By GaryJohnson on 1/24/2008 10:32:15 AM , Rating: 3
In a country with a high piracy rate like Vietnam, a local software entrepreneur is not going to develop software because it will be stolen.

Because what with the internets and all you can't develop your software in, for example, the U.S. or Japan and still have it stolen and pirated in Vietnam.

Oh, and rather than develop software and make some money off of it, the developer will just choose to be unemployed.

RE: Of Course!
By AlphaVirus on 1/24/2008 11:48:34 AM , Rating: 2
Oh, and rather than develop software and make some money off of it, the developer will just choose to be unemployed

If you developed a software and it cost you $500,000 and you sold $100,000 worth of that software, which is some, how would you feel?
Earning 'some' does not cover what has already been expensed. This is the type of stuff that does make people either switch companies or even careers. It sucks but its the truth.

I seriously wish this study could become a reality, I get tired of all the pirating because it causes less products to hit the market. If the publishers dont make money, how can they create a new product.

These scum who pirate may think they are having fun now by getting something free, yet illegal, when there is nothing to pirate they are going to hate themselves.

RE: Of Course!
By rcc on 1/24/2008 12:51:28 PM , Rating: 2
Look at the state of the PC gaming industry. Most of the really successful and profitable games are on-line based, because it's harder to pirate.

Like most of the free (and semi free) market, everything will adjust itself eventually; but in the meantime the pirates are hurting those who are willing to pay for their entertainment.

RE: Of Course!
By Spuke on 1/24/2008 6:53:27 PM , Rating: 2
but in the meantime the pirates are hurting those who are willing to pay for their entertainment.
Theoretically, I would agree with this but, in reality, what products are we missing as a result of piracy? Microsoft still makes OS's and Office. Symantec still has their crappy software. The REAL impact is hard to quantify.

RE: Of Course!
By rcc on 1/24/2008 7:02:47 PM , Rating: 2
Please note that I was addressing the PC gaming industry.

RE: Of Course!
By MatthiasF on 1/24/2008 5:51:53 PM , Rating: 2
If you take Eastern Europe and even Russia as an example, instead of marketing your skills to locals you'd instead learn a foreign language well enough to sell your program overseas in a market less prone to piracy (like the US).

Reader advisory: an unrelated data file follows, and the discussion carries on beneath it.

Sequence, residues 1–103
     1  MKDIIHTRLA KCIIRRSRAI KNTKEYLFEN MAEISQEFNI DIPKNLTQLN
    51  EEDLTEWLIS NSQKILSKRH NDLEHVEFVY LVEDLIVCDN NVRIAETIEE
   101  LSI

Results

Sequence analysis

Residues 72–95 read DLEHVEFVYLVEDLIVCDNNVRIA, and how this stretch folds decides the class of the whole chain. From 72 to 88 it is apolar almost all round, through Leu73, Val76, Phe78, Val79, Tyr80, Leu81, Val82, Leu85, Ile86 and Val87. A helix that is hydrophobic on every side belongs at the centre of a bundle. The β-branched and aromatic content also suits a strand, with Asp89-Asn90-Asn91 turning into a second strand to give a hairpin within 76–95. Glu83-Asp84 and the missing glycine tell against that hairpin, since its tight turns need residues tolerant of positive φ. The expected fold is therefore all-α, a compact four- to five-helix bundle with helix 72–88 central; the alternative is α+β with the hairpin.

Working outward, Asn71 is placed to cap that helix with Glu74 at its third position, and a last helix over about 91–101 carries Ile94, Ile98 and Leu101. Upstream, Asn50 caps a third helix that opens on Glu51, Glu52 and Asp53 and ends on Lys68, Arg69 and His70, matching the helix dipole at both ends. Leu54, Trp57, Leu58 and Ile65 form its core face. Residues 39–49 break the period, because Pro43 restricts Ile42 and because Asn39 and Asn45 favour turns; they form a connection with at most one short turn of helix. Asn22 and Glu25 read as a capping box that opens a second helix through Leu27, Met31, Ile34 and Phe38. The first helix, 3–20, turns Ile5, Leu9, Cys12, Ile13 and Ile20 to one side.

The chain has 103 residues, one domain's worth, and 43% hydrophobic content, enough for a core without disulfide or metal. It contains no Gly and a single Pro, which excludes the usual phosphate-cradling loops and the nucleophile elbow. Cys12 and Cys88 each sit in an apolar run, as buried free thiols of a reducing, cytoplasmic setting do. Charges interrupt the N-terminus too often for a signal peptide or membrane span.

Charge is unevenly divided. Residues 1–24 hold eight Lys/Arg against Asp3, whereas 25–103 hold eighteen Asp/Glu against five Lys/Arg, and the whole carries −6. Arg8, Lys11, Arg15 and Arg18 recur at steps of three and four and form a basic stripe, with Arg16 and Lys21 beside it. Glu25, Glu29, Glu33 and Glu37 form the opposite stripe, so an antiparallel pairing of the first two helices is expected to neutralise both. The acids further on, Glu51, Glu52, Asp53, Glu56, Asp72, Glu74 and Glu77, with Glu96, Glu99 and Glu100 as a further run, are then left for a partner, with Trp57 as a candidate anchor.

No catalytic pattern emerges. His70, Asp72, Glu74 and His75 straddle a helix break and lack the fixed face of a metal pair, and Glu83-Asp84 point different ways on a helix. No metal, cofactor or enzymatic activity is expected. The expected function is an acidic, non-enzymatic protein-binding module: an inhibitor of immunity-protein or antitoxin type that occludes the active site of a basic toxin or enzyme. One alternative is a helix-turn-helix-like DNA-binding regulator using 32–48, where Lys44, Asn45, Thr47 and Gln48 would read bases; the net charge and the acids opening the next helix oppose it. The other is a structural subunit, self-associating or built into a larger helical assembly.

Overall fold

Most programmers need to learn English anyway to program, so this isn't so far fetched.

Some of the best Microsoft support utilities (for Exchange, SQL, etc.) are made overseas.

By amanojaku on 1/24/2008 12:32:02 PM , Rating: 5
Having been a software pirate in my teens (who hasn't?) I had a first-hand perspective on some pirates' motivations: low income. If you're broke honesty will not get you software. Now that I have a job I grudgingly pay for software, keeping in mind that I can only afford vital apps. That means no Photoshop, no Quark Express, no 3D Studio Max. Just Windows and Office, with the occasional game.

I doubt the high-piracy nations' populace makes enough money on average to buy much legally. Factor in the modern necessity of the computer and you have a situation creating pirates. I would bet the computer alone breaks the bank of these households. I'm not justifying piracy (I work for a software company; I need paying customers!) I'm just being practical.

RE: Income
By rcc on 1/24/2008 1:18:11 PM , Rating: 2
Having been a software pirate in my teens (who hasn't?)

I haven't, and doubt I would have today. However, it was more difficult when I was in my teens. Reels of tape and cards were a pain.

In the US, piracy is mostly a crime of convenience and opportunity. In developing countries they see it as a necessity, as you mentioned. However, it you want to undercut the industrial nations of the world in price, you can't always use the latest toys.

China for instance could actually pay workers a wage comparible to the EU or US, etc. And limit piracy of software, techniques, etc. But then they'd have to charge prices similar to those of the countries they are selling to.

what happens...
By Screwballl on 1/24/2008 1:28:10 PM , Rating: 2
... when all piracy has been stamped out? A worldwide police state where every aspect of every persons life is monitored and illegal actions can be immediately prosecuted remotely (hand becomes useless for 1 hour to a lifetime if you steal something, killer dies as soon as he purposely kills another human and so on). What happens to all these jobs now that piracy is stamped out? A portion will find jobs in other IT based sectors but many will become unemployed becoming criminals themselves.